In an instantaneous, 24-hour news cycle, a lot of being made of current U.S. droughts but the 1934 version was 7X larger than other comparable intensity droughts that struck North America between 1000 A.D. and 2005, and nearly 30 percent worse than the next most severe drought that struck the continent in 1580, finds a new analysis.
We may think watering lawns only twice a week is an inconvenience but by May of 1934, giant dust storms and drought covered more than 75 percent of the country and affected 27 states severely. By June of that year, Congress passed the Frazier-Lemke Farm Bankruptcy Act, which restricted the ability of banks to dispossess farmers because they couldn't grow crops.
Credit: University of Illinois
But modern droughts do have one thing in common with the more severe ones of the past. The same atmospheric pattern of a high pressure ridge over the West Coast deflecting away storms laden with rain last winter was also present over the area during the winter of 1933-34. This ridging pattern has preceded some of the worst West Coast droughts, including the 1976 California drought—the beginning of a two-year dry spell which is widely regarded as one of the most severe droughts in the state's history. The three-year drought in California might cost the state up to $2.2 billion in 2014 alone, according to one estimate.
Yet the current drought is nothing, so far, compared to what occurred in 1934, the start of a decade-spanning drought that would come to be known as the Dust Bowl and was one of the worst environmental disasters in the history of the United States.
"We noticed that 1934 really stuck out as not only the worst drought but far outside the normal range of what we see in the record," said Benjamin Cook, an environmental scientist at NASA's Goddard Institute for Space Studies and lead author of the new paper.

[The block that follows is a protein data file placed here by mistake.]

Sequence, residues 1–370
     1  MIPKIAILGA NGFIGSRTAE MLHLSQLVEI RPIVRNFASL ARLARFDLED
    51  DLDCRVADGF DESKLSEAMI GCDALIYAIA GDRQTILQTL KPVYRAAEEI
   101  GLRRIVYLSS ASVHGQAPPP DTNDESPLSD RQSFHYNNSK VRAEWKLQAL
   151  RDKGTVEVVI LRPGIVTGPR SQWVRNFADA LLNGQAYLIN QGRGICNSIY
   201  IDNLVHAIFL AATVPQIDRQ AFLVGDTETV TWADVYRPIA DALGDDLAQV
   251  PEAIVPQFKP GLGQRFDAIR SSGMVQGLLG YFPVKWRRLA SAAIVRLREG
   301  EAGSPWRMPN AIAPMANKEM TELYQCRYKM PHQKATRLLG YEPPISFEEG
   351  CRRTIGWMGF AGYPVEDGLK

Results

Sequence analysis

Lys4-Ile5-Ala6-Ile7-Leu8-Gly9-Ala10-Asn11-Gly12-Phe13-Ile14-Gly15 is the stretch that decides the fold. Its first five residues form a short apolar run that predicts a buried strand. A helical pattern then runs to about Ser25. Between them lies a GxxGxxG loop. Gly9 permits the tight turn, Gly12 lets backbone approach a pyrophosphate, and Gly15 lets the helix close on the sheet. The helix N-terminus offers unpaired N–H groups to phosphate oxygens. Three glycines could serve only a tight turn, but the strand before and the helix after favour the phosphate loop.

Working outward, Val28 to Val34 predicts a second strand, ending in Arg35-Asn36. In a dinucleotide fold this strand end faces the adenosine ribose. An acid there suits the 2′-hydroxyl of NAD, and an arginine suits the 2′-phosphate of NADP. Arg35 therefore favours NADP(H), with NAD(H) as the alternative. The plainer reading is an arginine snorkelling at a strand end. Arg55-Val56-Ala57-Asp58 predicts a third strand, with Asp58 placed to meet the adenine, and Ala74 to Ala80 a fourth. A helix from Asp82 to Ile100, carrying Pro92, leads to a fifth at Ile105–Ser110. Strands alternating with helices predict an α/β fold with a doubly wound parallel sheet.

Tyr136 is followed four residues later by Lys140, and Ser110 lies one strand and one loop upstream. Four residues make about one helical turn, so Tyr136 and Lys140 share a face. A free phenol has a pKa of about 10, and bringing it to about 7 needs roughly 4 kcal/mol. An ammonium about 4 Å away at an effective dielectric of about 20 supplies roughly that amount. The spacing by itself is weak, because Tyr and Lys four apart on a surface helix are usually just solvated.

The drought was likely made even worse by atmospheric effects from human-created dust storms, according to the new research. The new study suggests that such interactions between the land and the atmosphere may have an important role to play in drought severity, said Cook, who holds a joint appointment at Columbia University's Lamont-Doherty Earth Observatory.
"These dust storms may have dried things out further and kicked 1934 into a really extreme event," he said.
The new study used the North American Drought Atlas, a database of drought reconstructions dating back nearly 2,000 years that are based on tree-ring studies. It also analyzed records of air- and sea-surface temperatures and precipitation to show that the 1934 drought was the worst drought since 1000 A.D.
Using climate data and dust simulations, the authors also found that dust storms, which started from a lack of rain and poor agricultural practices could have intensified the 1934 drought and spread it throughout the western United States.
A combination of changes in sea surface temperatures and a lack of rainfall in the Northwest, Southwest, and across the Southern Plains kicked off dry conditions in the fall of 1933 that by the spring of 1934 would spread to the Central Plains and Midwest. Major dust storms – the scale of which had not been seen in North America since the Middle Ages—projected dust from the Central Plains as far east as the Atlantic Ocean, according to the new study.
Some of the hardest hit areas– Midwestern states like Nebraska and Kansas—were downwind from where the dust storms originated. In these areas, dust particles accumulated in the atmosphere, reflecting incoming energy from the sun back into space. These dust-driven energy changes can disturb normal air circulation patterns, and block cloud formation and precipitation, leading to dry conditions, according to the new study.
California may be in the grips of a devastating drought, but "now we have the (Natural Resources Conservation Service), which helps to limit wind erosion and dust storm erosion," Cook said. "They can reduce the chance of a 1934 event occurring again."
The study, one of the first to examine how extreme conditions like dust storms evolve during decades-long dry periods, could help scientists better understand what causes these events and better predict them in the future, said Sigfried Schubert, a meteorologist at NASA's Global Modeling and Assimilation Office, who was not involved in the study.
"It is such an important problem for society to be able to predict these major droughts," he said.